Macroeconomic Review – March 2019

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March 2019 Macroeconomic Review

Global Economy

o Cautious optimism about global growth as the Fed is patient, Brexit could be delayed and there is an ease at the trade tension front, clearing a bit of the cloudy skies

o Trade tensions eased last month after the Trump administration extended the deadline to raise tariffs on Chinese goods due to progress recorded in the latest round of talks. China’s attempt to lure the US by promising to increase purchases of US goods fell short as the US is seeking for “significant structural changes, especially when it comes to issues of intellectual property rights and technology transfers”

o After having their worst month in years this past December, the markets bounced back strongly and volatility decreased markedly after the dovish turn by many of the world’s central banks

o Despite the ease in trade tensions and aggressive actions by policy makers, the Chinese economy is still straggling as leading indicators don’t show clear signs that China has bottomed out

o Oil supply has tightened as OPEC reduced production but prices have stalled due to renewed concerns about global growth and higher prospect of oil production in the US

United States

o The US economy gained 2.6% (annualized rate) in Q4 2018, higher than previously expected. The solid growth was due to a jump of 6.2% in business investment and an increase of 2.8% in consumption. 2018 appeared to be a very good year with a 3.1% growth, above the Trump administration target of 3%, and the current expansion is expected to be the longest on record

o Growth at the beginning of 2019 is poised to be weak due to government shutdown, trade war, slowing of global growth and fading fiscal policy, however the supportive Fed together with a strong labor market and an improving housing market should provide the right enough support that will enable the economy to fulfill another good year

o The US economy added a monthly average of 234K payrolls in the last 12 months. The shrinking pool of employees makes it more difficult for corporates to find workers with the right skills forcing them to pay ever-higher wages

o The core PCE deflator remained stable at 1.9%, close to the Fed target of 2%. However, the tight labor market and the sharp rise in personal income lay down the right foundation for higher inflation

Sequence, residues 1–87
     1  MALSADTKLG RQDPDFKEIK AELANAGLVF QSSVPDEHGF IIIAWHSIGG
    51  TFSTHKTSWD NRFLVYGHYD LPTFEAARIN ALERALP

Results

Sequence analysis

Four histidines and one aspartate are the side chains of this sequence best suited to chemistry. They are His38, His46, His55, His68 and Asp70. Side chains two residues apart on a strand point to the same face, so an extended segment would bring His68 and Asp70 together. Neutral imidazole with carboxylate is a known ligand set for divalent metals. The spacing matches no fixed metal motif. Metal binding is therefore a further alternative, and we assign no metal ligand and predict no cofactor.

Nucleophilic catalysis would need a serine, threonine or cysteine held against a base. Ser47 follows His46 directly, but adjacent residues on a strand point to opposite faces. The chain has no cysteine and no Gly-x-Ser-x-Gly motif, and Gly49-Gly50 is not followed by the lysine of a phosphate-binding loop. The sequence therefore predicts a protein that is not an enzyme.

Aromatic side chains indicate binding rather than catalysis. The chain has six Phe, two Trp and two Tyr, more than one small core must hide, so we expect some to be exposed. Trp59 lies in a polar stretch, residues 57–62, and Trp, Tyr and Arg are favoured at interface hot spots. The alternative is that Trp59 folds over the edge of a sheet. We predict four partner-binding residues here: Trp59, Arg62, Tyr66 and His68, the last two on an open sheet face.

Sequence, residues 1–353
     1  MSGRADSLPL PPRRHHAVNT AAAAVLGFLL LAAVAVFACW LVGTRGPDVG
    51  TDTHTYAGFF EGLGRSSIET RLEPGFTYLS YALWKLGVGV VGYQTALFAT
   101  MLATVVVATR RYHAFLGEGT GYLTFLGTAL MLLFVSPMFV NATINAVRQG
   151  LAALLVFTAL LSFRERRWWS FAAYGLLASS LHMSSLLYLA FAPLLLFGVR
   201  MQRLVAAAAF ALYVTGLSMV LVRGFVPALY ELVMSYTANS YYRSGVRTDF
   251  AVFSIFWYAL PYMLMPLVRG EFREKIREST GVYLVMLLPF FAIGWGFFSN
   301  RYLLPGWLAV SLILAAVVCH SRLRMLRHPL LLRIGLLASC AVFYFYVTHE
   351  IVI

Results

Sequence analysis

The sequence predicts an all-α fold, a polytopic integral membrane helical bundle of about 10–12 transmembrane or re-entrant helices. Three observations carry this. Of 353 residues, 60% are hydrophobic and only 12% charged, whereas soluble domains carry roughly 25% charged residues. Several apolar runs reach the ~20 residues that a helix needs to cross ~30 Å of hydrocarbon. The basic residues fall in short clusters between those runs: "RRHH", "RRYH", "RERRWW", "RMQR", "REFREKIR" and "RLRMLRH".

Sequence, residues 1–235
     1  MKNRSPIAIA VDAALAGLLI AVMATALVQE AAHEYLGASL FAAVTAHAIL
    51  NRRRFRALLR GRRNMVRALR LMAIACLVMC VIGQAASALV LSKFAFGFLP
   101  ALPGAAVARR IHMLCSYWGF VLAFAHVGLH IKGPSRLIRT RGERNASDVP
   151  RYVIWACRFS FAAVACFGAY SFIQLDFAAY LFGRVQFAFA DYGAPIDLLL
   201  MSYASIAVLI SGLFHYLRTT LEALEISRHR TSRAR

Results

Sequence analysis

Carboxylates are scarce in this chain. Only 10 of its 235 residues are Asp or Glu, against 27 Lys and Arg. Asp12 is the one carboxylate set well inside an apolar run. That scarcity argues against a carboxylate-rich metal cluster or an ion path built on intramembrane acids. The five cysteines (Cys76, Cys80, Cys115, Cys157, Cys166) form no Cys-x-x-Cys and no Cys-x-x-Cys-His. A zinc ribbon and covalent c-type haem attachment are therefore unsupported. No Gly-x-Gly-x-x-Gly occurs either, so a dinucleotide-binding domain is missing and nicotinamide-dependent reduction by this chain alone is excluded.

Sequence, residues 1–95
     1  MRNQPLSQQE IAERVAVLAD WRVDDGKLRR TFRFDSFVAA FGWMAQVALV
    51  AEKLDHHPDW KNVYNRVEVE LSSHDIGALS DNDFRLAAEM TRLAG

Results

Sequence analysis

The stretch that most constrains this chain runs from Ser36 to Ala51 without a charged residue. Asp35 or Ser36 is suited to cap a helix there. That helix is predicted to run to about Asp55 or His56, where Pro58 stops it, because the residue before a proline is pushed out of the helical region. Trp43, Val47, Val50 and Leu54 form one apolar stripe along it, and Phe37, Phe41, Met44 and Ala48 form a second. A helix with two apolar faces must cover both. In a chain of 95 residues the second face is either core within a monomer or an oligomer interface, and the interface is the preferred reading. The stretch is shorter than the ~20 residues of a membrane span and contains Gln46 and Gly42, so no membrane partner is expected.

o Policy makers said they would be “patient” regarding any further rate moves. As a result, market expectation for an interest-rate hike this year diminished dramatically and the probability of a rate cut during 2020 increased. However, solid economic data and easier financial conditions might create another rate hike later this year


o External risks and uncertainties are weighing down the economic momentum as reflected by the recent recession in Italy, the industrial slump in Germany and the sluggish Eurozone growth of 1.2% (YOY)

o Leading indicator such as PMIs and economic, industrial and consumer sentiment are starting to flatten out at a low level, however they all indicate a continued weak growth in Q1

o The European Commission has slashed growth forecasts for the Euro area’s big economies and warned that Brexit and the slowdown in China threaten to make things even worse

o Headline inflation edged 0.1% higher to 1.5%. However, core inflation unexpectedly decreased by 0.1% to 1.1% and remained in a very narrow and low range with no signs of a significant increase anytime soon

o The ECB still considers the downward revisions to the economic outlook as limited and temporary and believes that its current policy provides sufficient support. This optimistic stance relies on the robust conditions in the labor market and the stability in core inflation

o However, the ECB is expected to publish new economic projections during its policy meeting on March 7th. Another downward revision, the third in a row since September, will undoubtedly increase market expectation for a slower path of monetary normalization and is expected to weigh on the EUR

o A rising possibility of a Brexit deadline extension and a higher probability of a second referendum provide support for the pound as the nightmare of a hard Brexit on the 29th of March is starting to fade. However, the uncertainty takes its high toll on the economy as it continues to slow to its weakest pace since 2012


o GDP grew by 3.1% in Q4 2018, after increasing by 2.4% in Q3 and by 0.9% in Q2. The signs of weakness in private consumption, investment and export of goods and services as well as the expected weakness in public consumption will make it difficult for the local economy to realize its potential during 2019

o Inflation is stabilizing in recent months near the lower end of the inflation target (1%-3%) as the headline inflation increased by 1.2% YoY and Core inflation increased by 0.9%. Inflation is expected to stay in this low and tight range in the coming months as the Shekel appreciation and sluggish growth put at risk the ability of prices to increase

o After appreciating considerably during January against all currencies, the Shekel is starting to flatten out. The appreciation was correlated to the narrowing of the interest rate differential from 3.2% to 2.5%. The stabilization of this gap together with the understanding that it’s not going to constrict in the coming months, provide a strong headwind that limits the Shekel’s ability to appreciate further more

o BoI decided to keep the interest rate stable at 0.25% and declared that future monetary tightening will be gradual and cautious. With low inflation, subdued growth and a dovish stance of many of the world’s central banks, it seems like the BoI’s next move up will not occur until early 2020

o The increasing political uncertainty might take a heavy toll on the economic activity